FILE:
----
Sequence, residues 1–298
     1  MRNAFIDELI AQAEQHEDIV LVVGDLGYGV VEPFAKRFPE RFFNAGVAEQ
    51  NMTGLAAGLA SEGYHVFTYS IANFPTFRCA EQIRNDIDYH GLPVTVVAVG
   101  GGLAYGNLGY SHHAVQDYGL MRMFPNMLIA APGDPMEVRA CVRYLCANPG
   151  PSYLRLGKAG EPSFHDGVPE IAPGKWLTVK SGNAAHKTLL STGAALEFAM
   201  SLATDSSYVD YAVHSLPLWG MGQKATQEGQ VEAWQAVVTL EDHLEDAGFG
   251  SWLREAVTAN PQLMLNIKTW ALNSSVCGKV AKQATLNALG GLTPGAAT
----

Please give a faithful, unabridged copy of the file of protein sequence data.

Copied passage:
Sequence, residues 1–298
     1  MRNAFIDELI AQAEQHEDIV LVVGDLGYGV VEPFAKRFPE RFFNAGVAEQ
    51  NMTGLAAGLA SEGYHVFTYS IANFPTFRCA EQIRNDIDYH GLPVTVVAVG
   101  GGLAYGNLGY SHHAVQDYGL MRMFPNMLIA APGDPMEVRA CVRYLCANPG
   151  PSYLRLGKAG EPSFHDGVPE IAPGKWLTVK SGNAAHKTLL STGAALEFAM
   201  SLATDSSYVD YAVHSLPLWG MGQKATQEGQ VEAWQAVVTL EDHLEDAGFG
   251  SWLREAVTAN PQLMLNIKTW ALNSSVCGKV AKQATLNALG GLTPGAAT